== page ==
Before Tomorrow

When the hood is removed, I am standing alone on a small stage in what appears to be a long-neglected theater. Totally dark, except for a single footlight directed at my face. The two shotgun-wielding kids are positioned on the floor directly below me.

I can make out an audience of silent, shadowy figures standing with arms raised above their heads in a mock-religious pose. The air is hard to breathe—saturated with the sickening, sweet smell of incense. I have the strange feeling that I have played this scene before.

The recognizable voice of the bearded leader comes out of the dark.

“The defendant may now voice his plea.”

If my heart were made of stone, I could resort to the fine art of denial and deflection. I could say that I was just doing my job. I could say it was all about getting even. I could say how fucking tired I was—because I could never let up. Constantly wired together tight, because there was no way to tell the enemy from the innocent civilians, until eventually, they became one-and-the-same.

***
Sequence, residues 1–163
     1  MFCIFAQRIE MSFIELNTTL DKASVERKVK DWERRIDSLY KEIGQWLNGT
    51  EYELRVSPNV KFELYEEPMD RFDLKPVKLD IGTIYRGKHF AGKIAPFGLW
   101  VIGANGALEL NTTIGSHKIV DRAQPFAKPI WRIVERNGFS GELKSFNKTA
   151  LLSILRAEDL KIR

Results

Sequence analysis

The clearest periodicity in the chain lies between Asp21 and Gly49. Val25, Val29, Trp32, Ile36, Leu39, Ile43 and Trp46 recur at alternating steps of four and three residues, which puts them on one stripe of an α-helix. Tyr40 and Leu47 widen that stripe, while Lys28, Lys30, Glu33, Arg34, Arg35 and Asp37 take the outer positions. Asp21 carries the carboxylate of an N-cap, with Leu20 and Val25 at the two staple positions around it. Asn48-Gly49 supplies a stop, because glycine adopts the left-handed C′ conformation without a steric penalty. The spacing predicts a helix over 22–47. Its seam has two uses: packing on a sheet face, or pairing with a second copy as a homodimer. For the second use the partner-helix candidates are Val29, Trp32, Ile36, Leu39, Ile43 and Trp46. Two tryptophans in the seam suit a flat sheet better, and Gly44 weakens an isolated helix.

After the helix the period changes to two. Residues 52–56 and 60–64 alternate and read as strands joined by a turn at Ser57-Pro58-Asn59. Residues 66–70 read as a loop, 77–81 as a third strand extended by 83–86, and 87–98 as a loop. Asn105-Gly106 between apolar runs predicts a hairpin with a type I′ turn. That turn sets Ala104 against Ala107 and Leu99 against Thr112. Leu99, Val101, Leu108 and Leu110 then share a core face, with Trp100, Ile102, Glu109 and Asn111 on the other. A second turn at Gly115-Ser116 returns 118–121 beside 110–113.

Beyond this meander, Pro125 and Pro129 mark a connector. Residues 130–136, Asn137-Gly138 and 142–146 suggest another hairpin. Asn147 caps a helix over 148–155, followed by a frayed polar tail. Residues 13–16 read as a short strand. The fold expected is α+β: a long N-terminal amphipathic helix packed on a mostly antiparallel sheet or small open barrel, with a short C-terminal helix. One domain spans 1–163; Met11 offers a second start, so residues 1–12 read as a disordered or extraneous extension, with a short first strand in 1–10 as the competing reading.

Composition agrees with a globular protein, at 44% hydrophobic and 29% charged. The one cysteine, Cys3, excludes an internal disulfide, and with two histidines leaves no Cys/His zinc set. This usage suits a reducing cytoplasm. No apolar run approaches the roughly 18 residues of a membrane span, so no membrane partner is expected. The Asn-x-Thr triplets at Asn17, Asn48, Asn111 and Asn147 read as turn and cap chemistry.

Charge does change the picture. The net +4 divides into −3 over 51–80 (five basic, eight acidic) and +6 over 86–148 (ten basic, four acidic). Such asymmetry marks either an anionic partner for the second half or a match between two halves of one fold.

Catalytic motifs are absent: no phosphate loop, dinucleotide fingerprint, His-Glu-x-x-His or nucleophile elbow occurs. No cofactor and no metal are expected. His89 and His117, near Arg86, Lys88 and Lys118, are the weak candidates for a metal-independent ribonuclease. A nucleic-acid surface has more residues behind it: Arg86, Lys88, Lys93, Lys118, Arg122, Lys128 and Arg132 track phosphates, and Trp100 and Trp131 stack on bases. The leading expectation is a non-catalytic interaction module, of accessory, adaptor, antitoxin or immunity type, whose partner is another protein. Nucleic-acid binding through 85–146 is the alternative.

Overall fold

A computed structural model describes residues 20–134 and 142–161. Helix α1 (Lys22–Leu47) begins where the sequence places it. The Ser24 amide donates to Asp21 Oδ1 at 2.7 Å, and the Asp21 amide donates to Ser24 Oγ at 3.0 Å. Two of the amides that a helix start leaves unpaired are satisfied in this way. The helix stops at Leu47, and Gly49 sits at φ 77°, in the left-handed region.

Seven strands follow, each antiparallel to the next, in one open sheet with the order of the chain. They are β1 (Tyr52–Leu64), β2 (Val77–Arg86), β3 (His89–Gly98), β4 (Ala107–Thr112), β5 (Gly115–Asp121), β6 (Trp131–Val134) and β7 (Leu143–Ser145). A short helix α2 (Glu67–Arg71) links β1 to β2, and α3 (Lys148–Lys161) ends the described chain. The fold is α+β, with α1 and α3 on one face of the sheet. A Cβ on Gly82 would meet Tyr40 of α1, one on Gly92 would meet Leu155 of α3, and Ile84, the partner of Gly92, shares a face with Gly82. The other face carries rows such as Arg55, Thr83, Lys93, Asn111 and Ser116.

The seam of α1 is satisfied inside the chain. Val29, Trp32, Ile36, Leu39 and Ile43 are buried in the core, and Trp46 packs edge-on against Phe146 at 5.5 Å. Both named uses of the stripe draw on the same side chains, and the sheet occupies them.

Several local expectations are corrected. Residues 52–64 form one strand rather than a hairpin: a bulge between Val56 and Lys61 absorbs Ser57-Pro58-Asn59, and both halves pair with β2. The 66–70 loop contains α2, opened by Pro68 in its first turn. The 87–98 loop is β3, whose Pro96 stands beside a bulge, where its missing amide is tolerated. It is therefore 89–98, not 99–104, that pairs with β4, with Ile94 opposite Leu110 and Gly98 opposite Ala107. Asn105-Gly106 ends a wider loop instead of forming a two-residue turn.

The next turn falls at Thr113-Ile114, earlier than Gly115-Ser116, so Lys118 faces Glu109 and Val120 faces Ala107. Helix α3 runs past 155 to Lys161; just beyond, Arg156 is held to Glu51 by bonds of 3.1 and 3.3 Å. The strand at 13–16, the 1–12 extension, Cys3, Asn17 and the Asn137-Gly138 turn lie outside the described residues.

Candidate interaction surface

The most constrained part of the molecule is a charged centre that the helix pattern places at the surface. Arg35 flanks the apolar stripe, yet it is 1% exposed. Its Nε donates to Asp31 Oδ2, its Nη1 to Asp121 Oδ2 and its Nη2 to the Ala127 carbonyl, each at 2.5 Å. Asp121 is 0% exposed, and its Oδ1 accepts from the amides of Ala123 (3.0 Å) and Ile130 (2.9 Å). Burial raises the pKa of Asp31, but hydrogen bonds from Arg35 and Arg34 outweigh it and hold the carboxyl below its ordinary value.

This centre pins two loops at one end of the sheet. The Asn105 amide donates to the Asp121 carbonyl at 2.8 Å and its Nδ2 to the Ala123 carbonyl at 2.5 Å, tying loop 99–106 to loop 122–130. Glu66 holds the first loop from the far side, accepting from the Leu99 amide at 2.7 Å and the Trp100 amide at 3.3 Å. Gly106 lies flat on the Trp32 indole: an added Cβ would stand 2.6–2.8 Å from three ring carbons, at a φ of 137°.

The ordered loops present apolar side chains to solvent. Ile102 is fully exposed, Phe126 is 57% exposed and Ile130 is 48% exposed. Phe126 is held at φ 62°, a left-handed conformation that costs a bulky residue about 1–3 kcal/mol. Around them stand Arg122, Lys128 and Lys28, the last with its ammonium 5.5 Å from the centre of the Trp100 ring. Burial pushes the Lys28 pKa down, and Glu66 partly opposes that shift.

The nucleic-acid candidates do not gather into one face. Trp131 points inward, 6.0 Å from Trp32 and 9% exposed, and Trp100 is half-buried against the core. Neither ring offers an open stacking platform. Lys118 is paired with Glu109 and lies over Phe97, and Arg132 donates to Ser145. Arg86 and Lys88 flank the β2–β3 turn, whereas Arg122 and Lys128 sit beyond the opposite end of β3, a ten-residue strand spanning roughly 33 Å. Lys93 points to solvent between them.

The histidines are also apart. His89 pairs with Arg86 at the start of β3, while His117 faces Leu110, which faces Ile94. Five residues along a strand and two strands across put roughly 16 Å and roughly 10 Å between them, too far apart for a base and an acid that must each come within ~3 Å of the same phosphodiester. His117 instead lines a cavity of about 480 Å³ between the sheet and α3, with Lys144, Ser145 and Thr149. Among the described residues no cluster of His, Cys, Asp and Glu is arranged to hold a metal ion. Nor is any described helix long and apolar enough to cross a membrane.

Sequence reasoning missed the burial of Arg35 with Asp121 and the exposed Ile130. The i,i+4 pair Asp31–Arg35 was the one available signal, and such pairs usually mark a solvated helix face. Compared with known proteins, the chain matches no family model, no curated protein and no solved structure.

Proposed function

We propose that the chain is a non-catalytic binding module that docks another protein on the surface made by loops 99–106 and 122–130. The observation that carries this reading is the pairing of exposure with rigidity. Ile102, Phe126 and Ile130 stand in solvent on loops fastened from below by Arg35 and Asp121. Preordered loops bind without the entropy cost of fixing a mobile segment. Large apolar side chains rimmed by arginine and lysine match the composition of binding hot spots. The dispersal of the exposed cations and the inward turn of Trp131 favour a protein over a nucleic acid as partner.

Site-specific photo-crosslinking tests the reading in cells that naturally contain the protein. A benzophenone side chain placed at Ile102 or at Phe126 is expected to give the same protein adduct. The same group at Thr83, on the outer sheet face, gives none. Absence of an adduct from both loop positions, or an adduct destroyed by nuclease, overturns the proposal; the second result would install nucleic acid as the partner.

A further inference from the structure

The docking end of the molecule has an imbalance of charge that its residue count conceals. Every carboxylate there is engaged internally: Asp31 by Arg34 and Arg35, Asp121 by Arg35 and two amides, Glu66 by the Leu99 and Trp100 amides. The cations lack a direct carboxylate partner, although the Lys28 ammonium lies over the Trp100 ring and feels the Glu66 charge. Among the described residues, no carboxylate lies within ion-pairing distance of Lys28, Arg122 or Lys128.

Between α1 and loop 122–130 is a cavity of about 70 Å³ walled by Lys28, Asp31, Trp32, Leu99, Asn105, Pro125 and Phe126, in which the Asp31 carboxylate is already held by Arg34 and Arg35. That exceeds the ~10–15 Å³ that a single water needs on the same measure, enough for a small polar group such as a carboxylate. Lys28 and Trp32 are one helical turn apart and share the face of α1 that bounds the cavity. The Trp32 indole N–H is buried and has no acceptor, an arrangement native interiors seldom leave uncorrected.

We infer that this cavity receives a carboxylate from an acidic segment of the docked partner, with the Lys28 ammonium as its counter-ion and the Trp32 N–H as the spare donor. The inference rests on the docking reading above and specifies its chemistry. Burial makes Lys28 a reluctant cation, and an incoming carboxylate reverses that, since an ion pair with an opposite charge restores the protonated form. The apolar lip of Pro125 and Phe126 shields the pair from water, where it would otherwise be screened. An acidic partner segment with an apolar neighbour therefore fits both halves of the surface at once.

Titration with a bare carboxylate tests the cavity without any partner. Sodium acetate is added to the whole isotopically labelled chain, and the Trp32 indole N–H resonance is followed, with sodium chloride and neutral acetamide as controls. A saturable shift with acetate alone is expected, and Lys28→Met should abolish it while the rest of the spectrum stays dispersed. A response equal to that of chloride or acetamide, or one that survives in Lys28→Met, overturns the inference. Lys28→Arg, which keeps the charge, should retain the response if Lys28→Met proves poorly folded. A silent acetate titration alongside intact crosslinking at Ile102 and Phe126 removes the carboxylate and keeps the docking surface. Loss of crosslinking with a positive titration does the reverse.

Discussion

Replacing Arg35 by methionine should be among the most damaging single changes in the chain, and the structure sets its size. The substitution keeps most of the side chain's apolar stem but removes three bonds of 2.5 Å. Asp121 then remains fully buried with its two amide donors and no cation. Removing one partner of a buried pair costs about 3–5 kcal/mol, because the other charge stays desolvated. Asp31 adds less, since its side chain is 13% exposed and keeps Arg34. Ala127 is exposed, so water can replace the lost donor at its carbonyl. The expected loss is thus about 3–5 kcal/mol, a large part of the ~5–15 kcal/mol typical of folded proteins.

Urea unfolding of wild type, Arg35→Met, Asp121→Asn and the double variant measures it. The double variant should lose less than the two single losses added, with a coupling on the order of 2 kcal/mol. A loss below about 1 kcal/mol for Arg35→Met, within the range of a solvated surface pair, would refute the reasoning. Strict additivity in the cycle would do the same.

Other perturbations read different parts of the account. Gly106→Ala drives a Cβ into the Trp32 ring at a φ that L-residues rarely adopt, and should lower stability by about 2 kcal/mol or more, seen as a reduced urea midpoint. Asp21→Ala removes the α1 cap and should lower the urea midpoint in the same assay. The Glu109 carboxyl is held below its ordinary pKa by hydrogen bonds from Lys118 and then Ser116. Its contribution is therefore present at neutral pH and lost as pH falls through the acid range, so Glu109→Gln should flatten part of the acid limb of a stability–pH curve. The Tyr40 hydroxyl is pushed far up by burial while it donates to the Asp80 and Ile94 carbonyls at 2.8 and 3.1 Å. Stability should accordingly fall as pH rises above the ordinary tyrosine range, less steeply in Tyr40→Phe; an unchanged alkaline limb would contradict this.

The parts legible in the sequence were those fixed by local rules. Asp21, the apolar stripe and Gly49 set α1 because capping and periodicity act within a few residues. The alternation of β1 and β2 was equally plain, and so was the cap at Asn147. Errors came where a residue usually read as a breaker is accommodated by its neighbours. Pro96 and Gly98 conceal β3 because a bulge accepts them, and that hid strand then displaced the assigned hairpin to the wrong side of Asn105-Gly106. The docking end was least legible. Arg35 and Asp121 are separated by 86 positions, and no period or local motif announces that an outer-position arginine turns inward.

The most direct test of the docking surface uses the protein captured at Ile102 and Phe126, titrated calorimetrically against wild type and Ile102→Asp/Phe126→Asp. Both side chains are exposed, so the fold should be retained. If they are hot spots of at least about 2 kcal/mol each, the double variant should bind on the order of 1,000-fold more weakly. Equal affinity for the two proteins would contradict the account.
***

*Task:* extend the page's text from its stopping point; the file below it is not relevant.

But for me, there is nothing left except the desire to be finished.

I’m about to speak when the quiet is interrupted by a sharp, metallic click. The flare from a cigarette lighter draws my attention toward the balcony. Caught in the light from the flame, the outline of a man’s face. Eyes on fire, he lights a cigarette.

He looks down at me and nods a greeting.

I have an unexplainable urge to smile, but I just nod in his direction. Tick… Tick… Tick… nowhere to run, nowhere to hide, no falling to the floor and crawling inside myself.

I glance down at my nameless accusers—back up toward the burning face in the balcony.

FLASHBACK—the face of a young boy humming to himself as he plays alone.

With some effort, I manage to say the word.


Instantly, and in sync, the armed guards rack their shotguns.

The cigarette lighter clicks closed.

The room goes completely dark.



DB Cox

DB Cox is a Marine Corps veteran and blues musician/writer from South Carolina. His poems have been published extensively in the small press, in the US and abroad. He has published five books of poetry: Passing For Blue, Lowdown, Ordinary Sorrows, Night Watch, and Empty Frames. DB recommends the Best Friends Animal Society.


Edited for Unlikely by Jonathan Penton, Editor-in-Chief
Last revised on Sunday, October 10, 2021 - 22:05